Federal regulations outlining how cargo is controlled during transit are both straightforward and strict. Unfortunately, the rules are not very flexible concerning some kinds of freight that doesn’t meet certain standards in how it’s transported. For example, consider agricultural products. These are transported from field to processing center in the same way that other products are carried from a port to a distribution warehouse. This has some wondering whether new rules are needed to account for ag products.
Count the American Trucking Associations (ATA) as among those petitioning Washington to force some changes. The organization’s Agricultural and Food Transport Conference recently made an official request with regulators, via an exemption application, for new ag products rules in states that do not already have them in place.
The reasoning is based in two fundamental principles of cargo control. First, trucks that do not travel across state lines are not necessarily subject to federal regulations for cargo control if state laws are in place. Second, if a state does not have its own cargo control rules, drivers working in those states default to the federal rules. Thus, there are states that don’t accommodate the special needs of agricultural motor carriers, requiring those motor carriers to default to federal standards.
Inadequate for Some Ag Products
In its exemption petition, the ATA has made it clear that federal regulations are inadequate for some kinds of agricultural products. They cite baled hay and straw as just one example. They believe that while a truck driver in a state without its own laws would indeed follow federal regulations, those regulations may not be enough. The ATA proposes a new set of rules involving both parallel and vertical tie-downs deployed in the specific configuration that includes going over the bales at least twice, along with four cross tie-downs.
The ATA says other agricultural loads need to be addressed as well. These are loads in which ag products are transported in wooden boxes, fiberglass tubs, and by other means. Rules need to be adopted for both full and empty containers being transported to and from the field.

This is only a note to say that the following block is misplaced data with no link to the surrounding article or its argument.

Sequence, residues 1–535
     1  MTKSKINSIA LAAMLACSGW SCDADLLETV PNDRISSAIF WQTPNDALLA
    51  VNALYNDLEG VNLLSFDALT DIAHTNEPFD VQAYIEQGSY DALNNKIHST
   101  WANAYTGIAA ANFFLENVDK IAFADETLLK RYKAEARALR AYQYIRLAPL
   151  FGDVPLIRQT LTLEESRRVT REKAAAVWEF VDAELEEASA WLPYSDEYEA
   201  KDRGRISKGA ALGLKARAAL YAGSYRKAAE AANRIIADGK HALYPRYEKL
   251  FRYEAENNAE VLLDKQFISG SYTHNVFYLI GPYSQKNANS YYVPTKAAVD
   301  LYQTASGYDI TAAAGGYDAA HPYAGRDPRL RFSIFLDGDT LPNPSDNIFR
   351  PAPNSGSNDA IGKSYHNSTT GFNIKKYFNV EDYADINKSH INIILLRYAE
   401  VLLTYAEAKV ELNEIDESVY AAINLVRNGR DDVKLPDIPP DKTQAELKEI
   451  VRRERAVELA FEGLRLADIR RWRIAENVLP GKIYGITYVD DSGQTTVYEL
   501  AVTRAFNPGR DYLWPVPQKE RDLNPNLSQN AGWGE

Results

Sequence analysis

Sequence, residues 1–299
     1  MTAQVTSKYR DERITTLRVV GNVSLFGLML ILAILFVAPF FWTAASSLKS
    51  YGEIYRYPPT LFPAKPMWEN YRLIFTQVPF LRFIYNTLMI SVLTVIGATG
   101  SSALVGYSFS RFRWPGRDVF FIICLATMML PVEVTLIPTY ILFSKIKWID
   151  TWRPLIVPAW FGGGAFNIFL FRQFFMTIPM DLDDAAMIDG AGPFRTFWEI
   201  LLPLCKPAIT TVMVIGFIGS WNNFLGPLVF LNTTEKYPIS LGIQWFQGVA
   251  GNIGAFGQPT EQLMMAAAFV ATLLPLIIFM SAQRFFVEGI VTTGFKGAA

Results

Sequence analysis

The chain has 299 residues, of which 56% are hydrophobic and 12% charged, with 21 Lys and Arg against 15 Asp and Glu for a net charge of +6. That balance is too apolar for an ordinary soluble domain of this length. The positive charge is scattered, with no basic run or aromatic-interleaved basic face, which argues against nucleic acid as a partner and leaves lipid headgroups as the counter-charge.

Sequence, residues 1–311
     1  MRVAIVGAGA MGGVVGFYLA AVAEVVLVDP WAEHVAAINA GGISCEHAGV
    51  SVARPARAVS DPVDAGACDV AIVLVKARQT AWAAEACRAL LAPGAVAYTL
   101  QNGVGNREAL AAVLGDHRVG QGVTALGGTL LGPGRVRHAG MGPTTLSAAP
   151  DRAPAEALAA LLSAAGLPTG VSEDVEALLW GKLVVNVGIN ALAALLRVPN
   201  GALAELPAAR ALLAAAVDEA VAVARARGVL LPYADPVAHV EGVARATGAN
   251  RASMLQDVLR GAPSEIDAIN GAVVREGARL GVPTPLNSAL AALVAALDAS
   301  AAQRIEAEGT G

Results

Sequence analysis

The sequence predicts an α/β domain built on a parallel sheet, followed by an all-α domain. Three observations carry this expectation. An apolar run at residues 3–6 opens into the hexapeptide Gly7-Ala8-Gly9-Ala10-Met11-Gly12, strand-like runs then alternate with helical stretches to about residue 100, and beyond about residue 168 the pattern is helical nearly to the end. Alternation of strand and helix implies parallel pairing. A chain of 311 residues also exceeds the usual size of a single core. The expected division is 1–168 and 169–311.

It is now up to the Federal Motor Carrier Safety Administration (FMCSA) to determine whether special ag rules are necessary or not. The agency sought public comment through February 5 (2018). It will combine any comments received with their own research to determine what the next course of action is.
Truckers Are in the Best Position
Hopefully regulators have spoken to some truckers to learn more about cargo control and ag products. After all, truckers are in the best position to know whether current federal cargo control rules are sufficient for bringing ag products out of the field.
Mytee Products, an Ohio company that sells cargo control equipment and supplies to truckers, confirms that the needs of agricultural shippers are different in many cases. They use different kinds of cargo control equipment. They also transport loads on a combination of public roads, private roads, and unpaved lands. They obviously have some special considerations that over-the-road motor carriers do not have to worry about.
Any new rules that regulators come up with will hopefully account for shorter trips between the field and processing facilities as well. It’s one thing to recognize that current federal standards are inadequate for some kinds of ag loads, but it is an entirely different matter to come up with new rules that are not overly restrictive.
Are new cargo control rules necessary for ag products? Probably. Now it remains to be seen if the FMCSA can come up with a set of rules that make sense.